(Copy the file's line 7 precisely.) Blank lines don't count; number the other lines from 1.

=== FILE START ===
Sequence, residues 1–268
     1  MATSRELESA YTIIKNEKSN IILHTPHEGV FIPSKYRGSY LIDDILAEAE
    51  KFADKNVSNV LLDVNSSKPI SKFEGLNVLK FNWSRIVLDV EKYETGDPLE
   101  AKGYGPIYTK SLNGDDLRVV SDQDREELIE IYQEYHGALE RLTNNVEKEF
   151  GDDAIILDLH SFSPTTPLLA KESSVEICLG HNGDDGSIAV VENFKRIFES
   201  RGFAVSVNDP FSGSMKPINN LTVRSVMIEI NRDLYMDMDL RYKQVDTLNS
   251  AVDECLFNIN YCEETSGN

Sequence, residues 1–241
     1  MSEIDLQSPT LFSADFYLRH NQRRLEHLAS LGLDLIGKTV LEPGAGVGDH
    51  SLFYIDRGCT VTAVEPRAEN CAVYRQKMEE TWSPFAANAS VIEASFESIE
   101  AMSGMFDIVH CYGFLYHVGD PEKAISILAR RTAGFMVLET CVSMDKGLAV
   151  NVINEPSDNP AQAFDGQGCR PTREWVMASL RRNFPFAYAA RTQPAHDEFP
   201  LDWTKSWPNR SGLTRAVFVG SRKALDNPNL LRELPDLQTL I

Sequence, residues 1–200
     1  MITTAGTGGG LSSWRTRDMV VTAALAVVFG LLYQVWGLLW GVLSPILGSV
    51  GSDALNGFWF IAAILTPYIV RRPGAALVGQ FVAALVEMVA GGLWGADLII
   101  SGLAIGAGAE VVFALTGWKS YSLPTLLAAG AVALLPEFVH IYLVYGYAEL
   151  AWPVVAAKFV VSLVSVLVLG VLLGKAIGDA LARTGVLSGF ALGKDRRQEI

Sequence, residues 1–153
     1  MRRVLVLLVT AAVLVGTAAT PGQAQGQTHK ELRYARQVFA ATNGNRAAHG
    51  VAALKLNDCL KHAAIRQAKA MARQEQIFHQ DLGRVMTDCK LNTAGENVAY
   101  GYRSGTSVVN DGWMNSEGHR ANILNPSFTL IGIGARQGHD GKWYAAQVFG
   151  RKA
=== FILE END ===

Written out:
   251  AVDECLFNIN YCEETSGN